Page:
"I don't want her to think it's OK. It's not OK," Cooper said.
Initially, she was afraid to ask for help because she didn't want to look weak, but she soon learned she couldn't do it alone. She turned to friends and relatives and got help from Domestic Violence Services advocates.
Cooper says she's still dealing with her former boyfriend -- she constantly scans parking lots before she gets out of the car -- but she's not going to let him stop her.
"I'm not afraid of him," she said, noting that once the criminal case against him was over she took a vacation to Mexico by herself. "It was the best thing I ever did."
Her long-term goal now is to get her doctorate degree and counsel other domestic violence victims.
Cooper said she was glad her abuser was convicted of assaulting her and violating a no-contact order just after he left jail for the assault last August, but she felt the punishment was inadequate.
The 41-year-old Kennewick man was sentenced in Benton County District Court to seven days in jail for violating the court order and 10 days in jail for the domestic violence fourth-degree assault charge, but was allowed to serve both sentences on work release.
That meant he was required to spend the nights in jail, but was released during the day to go to work.
"To me, I think that sucker should have been there 24 hours a day," Cooper said. "I thought that was a little lenient."
Tougher sentencing OK'd
In June, tougher sentencing enhancements for repeated domestic abusers went into effect after being approved by the Legislature earlier this year, but that wouldn't have made a difference in Cooper's case.
The law, proposed by Attorney General Rob McKenna, changed how misdemeanor convictions for abusers are counted when they are convicted of a felony domestic violence offense.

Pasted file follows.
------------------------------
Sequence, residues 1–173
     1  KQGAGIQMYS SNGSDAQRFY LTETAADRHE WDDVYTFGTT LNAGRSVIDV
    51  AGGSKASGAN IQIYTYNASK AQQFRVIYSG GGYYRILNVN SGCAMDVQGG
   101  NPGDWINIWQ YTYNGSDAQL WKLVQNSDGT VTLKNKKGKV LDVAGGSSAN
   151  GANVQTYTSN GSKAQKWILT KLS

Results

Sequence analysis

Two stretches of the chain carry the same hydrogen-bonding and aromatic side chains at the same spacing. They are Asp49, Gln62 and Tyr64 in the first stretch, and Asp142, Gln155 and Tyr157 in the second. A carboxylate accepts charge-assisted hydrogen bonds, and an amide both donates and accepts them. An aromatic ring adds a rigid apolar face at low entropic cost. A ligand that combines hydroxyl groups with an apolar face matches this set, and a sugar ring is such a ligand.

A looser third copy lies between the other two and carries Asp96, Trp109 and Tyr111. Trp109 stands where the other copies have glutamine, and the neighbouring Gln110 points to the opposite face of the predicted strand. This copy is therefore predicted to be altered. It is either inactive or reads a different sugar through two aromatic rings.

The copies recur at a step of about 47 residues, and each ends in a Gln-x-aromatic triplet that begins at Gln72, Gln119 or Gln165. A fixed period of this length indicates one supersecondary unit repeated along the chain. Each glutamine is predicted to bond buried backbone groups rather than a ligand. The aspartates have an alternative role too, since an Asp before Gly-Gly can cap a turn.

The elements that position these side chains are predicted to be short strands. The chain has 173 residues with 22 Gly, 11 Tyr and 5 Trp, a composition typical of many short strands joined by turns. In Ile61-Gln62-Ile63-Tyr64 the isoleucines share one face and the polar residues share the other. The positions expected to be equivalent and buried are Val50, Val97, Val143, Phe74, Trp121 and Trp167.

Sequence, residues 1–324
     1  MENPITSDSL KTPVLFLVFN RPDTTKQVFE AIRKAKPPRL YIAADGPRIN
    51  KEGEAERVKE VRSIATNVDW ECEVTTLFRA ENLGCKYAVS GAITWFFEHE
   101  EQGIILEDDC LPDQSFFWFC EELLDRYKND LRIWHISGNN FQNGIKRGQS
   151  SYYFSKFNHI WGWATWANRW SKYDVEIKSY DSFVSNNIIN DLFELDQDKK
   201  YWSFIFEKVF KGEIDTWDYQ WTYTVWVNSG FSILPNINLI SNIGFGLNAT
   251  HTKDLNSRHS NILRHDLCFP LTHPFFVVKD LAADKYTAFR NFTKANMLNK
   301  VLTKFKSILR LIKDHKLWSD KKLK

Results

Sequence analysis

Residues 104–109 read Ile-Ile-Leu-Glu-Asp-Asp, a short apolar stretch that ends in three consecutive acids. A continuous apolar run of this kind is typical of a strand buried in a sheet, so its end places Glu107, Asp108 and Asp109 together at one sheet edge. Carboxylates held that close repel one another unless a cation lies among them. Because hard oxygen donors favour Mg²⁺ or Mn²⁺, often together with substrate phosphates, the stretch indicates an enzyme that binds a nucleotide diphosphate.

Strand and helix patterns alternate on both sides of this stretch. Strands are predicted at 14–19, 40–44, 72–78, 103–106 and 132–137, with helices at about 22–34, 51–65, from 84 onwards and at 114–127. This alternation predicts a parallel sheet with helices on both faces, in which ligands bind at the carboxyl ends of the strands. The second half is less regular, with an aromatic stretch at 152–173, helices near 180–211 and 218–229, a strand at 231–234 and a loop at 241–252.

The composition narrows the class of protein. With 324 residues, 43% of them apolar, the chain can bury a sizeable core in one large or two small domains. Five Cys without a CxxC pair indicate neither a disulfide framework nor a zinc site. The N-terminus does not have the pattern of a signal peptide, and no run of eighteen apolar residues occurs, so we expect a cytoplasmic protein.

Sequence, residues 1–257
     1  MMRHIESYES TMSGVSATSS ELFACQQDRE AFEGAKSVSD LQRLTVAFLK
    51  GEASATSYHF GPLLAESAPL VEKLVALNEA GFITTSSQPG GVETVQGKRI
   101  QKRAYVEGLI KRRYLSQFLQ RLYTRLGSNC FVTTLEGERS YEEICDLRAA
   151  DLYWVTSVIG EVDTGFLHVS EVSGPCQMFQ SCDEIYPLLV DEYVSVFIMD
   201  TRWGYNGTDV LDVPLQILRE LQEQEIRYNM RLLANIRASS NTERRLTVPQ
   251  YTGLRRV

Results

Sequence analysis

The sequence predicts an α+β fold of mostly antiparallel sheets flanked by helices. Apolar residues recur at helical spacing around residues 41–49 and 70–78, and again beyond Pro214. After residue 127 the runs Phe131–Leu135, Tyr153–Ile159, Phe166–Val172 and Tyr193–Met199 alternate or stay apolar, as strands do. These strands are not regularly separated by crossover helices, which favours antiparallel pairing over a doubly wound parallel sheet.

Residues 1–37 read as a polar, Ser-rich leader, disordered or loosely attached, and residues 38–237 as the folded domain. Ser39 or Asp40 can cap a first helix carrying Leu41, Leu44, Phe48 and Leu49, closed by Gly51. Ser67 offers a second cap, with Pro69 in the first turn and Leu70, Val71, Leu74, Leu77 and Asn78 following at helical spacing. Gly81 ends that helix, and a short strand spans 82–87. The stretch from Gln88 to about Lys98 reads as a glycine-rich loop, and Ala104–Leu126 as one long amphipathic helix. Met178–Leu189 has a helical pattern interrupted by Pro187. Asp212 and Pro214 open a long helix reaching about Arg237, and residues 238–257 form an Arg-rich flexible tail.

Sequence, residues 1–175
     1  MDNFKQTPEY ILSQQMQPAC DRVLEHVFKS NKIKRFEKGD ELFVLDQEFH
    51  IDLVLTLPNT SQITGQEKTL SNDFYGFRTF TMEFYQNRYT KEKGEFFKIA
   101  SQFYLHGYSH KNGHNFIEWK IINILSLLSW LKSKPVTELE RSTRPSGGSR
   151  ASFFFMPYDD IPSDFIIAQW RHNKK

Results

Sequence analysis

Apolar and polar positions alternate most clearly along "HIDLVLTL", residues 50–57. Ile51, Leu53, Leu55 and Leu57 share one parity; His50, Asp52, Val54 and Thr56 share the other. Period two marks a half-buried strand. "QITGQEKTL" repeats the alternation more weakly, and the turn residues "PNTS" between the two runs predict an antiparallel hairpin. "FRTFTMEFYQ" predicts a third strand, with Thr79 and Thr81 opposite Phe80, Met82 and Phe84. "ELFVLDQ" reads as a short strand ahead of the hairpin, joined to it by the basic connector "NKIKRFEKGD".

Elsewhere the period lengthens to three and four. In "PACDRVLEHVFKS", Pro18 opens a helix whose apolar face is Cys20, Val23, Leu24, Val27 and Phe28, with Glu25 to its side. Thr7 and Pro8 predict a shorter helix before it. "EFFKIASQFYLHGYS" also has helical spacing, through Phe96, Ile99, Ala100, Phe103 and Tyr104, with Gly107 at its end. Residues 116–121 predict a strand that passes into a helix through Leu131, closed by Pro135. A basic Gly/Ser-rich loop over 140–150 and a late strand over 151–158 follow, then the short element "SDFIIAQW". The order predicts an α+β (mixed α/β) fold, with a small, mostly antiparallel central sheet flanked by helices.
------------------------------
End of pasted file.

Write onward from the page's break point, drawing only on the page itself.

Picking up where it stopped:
"The key is that misdemeanor convictions will now be counted in sentencing for felony convictions," McKenna said. "In the old law, when an individual was convicted of felony domestic violence none of the misdemeanors were counted so their sentences didn't reflect that they had a prior criminal history."
The new law also increases the sentencing range for abusers with a prior felony domestic violence conviction. Now there's more weight given to that prior conviction, pushing the standard sentencing range up, McKenna said.
About 7-8 percent of domestic violence offenders will be affected by the new law, he said.
Take, for example, a person with no prior felony convictions who has two misdemeanor domestic violence convictions.
Before the stricter sentencing enhancement, if that person was convicted of first-degree domestic violence assault the middle of the standard sentencing range was nine years.
Now, however, the two prior misdemeanor convictions would increase the middle range sentence to 10 years and nine months.
It took two times for McKenna to successfully lobby the Legislature to pass the sentencing enhancements.
"We were tired of seeing a string of women and children victims," he said. "We're seeing offenders who commit a string of misdemeanor domestic violence assaults and end up pleading out to a misdemeanor level and they're causing tremendous harm, repeatedly victimizing one person or a series of victims."
McKenna said the new law also may increase victim cooperation in prosecutions.
Some victims in the past may not have wanted to testify, he said, because "they figure the guy's going to be out of jail in a matter of months. But by stiffening the sentence of serial offenders it gives them confidence."
McKenna said his office will be supporting continued funding for domestic violence services.
"We're moving in the right direction by empowering survivors to take action and treating domestic violence seriously in a way it was not in the past," he said. "And ... we're talking about what we can do with offenders -- if there's treatment and how does it work -- so we can break the pattern of behavior with treatment as well as punishment."
Offender programs include anger management, treatment and victim panels that abusers can be ordered to attend. The only way to end domestic violence is by stopping or changing the abuser's behavior, Abken said.
"Victims can't stop it no matter what they do," she said. "Fifty percent of perpetrators come from abusive homes but 50 percent don't. That other 50 percent are learning it somewhere. ... We can help all the victims in the world, but if we keep raising perpetrators it will never stop."